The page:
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The Artist


Kalman Aron in his studio.  Photo © ELISABETH CAREN

Kalman Aron‘s (1924-2018) successful career spanned eight decades.

Born a child prodigy in Riga, Latvia in 1924, Kalman Aron began drawing at age three and at age seven had his  first gallery show of drawings which sold in one day. Latvian President Karlis Ulmanis was so impressed with this young 13-year-old’s artistic ability that he commissioned him to paint his official portrait and arranged for him to attend the Riga’s Academy of Fine Arts.

In 1941, his life changed forever.  The Germans invaded Latvia, killing his parents. Assigned to slave labor for the duration of the war, Kalman Aron was moved through seven concentration camps from Riga to the Baltic Forest, to Poland, Germany and then Czechoslovakia over the course of four years.  In the Riga ghetto, concentration camps and slave labour camps, Kalman closely watched the guards, studying their psychological makeup. Undeniably, this experience informed his painting for the rest of his life.

After the war, his talent was once again recognized with a full scholarship to the Academy of Fine Arts in Vienna where he received his Masters in Fine Arts. When he immigrated to America and arrived in Los Angeles at the end of 1949, it didn’t take long before Kalman Aron’s work captured the imagination of Hollywood directors, producers and designers.  Throughout his painting career, Aron taught art at many institutions, including the Pasadena Art Center College of Design.

In 1956, Kalman Aron was named one of the “100 Outstanding American Artists” by Art in America.  He became a leading portraiture artist who painted adults and children in all media in the United States, England and the European Continent.

Aron’s artwork is in public and private collections throughout the United States and in Great Britain, Sweden and Israel.  His work has been exhibited at major national art institutions, including the Frey Museum of Fine Arts, Houston, San Francisco Museum of Art, Los Angeles County Museum of Art, Los Angeles Museum of the Holocaust, Denver Art Museum and the Seattle Art Museum.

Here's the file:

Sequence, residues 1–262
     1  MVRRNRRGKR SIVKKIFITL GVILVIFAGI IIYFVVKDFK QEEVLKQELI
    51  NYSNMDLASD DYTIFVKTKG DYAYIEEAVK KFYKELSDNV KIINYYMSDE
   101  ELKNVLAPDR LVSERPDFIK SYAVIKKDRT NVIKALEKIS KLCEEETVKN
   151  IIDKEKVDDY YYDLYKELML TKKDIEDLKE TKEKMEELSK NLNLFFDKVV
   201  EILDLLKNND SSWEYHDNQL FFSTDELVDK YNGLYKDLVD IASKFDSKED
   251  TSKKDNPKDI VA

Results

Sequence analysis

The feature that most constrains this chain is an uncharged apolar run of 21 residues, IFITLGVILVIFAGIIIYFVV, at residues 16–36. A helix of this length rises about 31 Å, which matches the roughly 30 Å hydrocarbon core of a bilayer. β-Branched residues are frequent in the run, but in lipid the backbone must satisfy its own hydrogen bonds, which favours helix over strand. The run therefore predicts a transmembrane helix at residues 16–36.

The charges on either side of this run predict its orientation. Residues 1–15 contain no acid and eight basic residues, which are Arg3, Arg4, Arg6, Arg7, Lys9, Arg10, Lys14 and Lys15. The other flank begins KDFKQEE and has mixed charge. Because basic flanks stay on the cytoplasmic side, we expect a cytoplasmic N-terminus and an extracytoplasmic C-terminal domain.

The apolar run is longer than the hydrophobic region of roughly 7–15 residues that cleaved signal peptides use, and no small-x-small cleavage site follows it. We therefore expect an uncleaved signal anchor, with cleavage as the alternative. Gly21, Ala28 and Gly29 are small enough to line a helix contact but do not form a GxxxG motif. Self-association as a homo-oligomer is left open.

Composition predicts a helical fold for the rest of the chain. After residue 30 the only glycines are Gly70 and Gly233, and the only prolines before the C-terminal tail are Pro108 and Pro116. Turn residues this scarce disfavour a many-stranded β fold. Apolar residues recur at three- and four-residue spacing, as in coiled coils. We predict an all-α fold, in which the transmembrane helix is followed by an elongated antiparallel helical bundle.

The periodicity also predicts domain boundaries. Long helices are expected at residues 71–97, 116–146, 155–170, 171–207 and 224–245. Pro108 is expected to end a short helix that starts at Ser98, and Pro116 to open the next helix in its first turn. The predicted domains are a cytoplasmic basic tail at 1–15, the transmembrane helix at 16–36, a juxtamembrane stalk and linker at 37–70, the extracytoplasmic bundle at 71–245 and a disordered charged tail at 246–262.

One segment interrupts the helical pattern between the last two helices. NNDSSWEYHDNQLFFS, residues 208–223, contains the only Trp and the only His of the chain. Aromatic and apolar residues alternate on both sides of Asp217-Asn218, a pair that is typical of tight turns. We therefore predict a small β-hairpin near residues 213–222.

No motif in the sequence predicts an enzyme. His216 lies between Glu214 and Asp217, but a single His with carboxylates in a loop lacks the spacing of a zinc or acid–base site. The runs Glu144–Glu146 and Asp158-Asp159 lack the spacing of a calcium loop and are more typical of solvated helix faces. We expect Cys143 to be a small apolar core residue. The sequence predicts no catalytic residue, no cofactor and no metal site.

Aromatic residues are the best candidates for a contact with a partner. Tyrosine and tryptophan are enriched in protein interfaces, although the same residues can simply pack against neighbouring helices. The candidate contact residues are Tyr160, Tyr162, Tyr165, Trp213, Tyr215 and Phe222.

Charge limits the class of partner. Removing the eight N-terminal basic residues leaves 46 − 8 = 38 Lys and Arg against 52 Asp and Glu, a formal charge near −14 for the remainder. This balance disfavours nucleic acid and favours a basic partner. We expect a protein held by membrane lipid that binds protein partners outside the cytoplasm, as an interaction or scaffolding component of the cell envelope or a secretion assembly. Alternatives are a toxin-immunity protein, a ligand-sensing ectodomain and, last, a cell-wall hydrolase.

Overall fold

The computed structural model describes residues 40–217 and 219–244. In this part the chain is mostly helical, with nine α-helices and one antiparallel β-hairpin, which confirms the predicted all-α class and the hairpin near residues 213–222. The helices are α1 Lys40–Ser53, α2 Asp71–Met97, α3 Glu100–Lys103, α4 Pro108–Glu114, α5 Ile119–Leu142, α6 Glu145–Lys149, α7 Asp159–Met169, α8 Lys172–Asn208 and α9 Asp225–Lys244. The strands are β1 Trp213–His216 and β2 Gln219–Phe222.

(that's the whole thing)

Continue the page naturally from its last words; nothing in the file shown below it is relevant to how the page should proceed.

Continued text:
In the case of Kalman Aron, his drawings reveal an unusually perceptive and sensitive man as well as a draughtsman of extraordinary talent.“–Janice Lovoos, American Artist, March 1964

Listen to Kalman Aron tell his story  for the Shoah Foundation.

“The Remarkable Life and Art of Kalman Aron.” Watch the video

At the opening ceremony and dedication of Kalman Aron’s “Mother and Child” at the Los Angeles Museum of the Holocaust, 2010.




Kalman Aron has painted hundreds of portraits throughout his career, including the following:

  • Ronald Reagan, President of the United States
  • Henry Miller, Author
  • Andre Previn, Conductor of the Los Angeles Philharmonic
  • Karlis Ulmanis, Prime Minister of Latvia (first commission at age 13)
  • Chief Justice Rose Elizabeth Bird, California Supreme Court
  • Frederick R. Weisman, Noted Collector of Contemporary Art
  • Mario Casteinuovo-Tedesco, Composer
  • Madame Rosina Lhevine, Professor at Julliard School of Music
  • Nathaniel Rosen, Cellist
  • Henri Lazarov, Composer
  • Maurice Clifford, Commissioner of Public Health, City of Philadelphia
  • Gordon Davidson, State Director, Mark Taper Forum, Los Angeles Music Center
  • Herman Spieth, Chancellor, University of California, Riverside
  • Hartwig Kulenbeck, M.D., Chair of Anatomy, Medical College of Pennsylvania
  • Gia Scala, Actress
  • Charles Luchman, Architect
  • Max Salter, Mayor of Beverly Hills

Art museums have exhibited his work, including:

  • The Frey Museum of Fine Arts in Houston
  • The San Francisco Museum of Art
  • The Seattle Art Museum
  • The Los Angeles Art Association Gallery
  • The Los Angeles County Museum
  • The Long Beach Art Museum
  • The La Jolla Art Museum
  • The Santa Barbara Museum
  • Denver Art Museum

Galleries in London, New York, Los Angeles, San Francisco and Uppsala, Sweden have shown his work:

  • Karen Lynne Gallery, Beverly Hills
  • Sam Francis Gallery, Los Angeles
  • Installations One Gallery, Los Angeles
  • Feingood Art Gallery, Los Angeles
  • “Artists by Artist Portraits” Merging One Gallery, Santa Monica
  • Gallery 170, Los Angeles Otis Art Institute
  • “Portraits of Movie Stars” in Los Angeles
  • “A Retrospective”, Mt. San Jacinto College, San Jacinto
  • Hilda Swarthe Gallery, Los Angeles
  • Feingarten Gallery, Los Angeles
  • The Zachary Waller Gallery, Los Angeles
  • O’Hana Galleries, London
  • Maxwell Galleries, San Francisco
  • Galleri Kavaletten, Sweden.

People have been collecting his art for decades. These collections are located in London, Vienna, Beverly Hills, Tel Aviv, Los Angeles, Washington, D.C., Pasadena and Palm Springs. Some hold 8 to 10 of his paintings; one collector has 115.

Collectors over his career include:

  • Vincent Price, Los Angeles
  • Janice Lovoos, Los Angeles
  • Mr. and Mrs. William Powell, Palm Springs
  • Jack O’Hana, London
  • Marichu Beilby, Los Angeles
  • Louis Lenart, Tel Aviv
  • Bill Dana, Los Angeles
  • Max Palevsky, Los Angeles
  • Jack deFruif, Detroit
  • Max Salter, Beverly Hills
  • Charles Wellman, Los Angeles
  • Anita Von Karajan, Vienna
  • Elena and William J. Hermanson, Pasadena
  • Susan and John B. Magee, Washington, D.C.
  • Bingham McCutchen, LLP, Washington, D.C.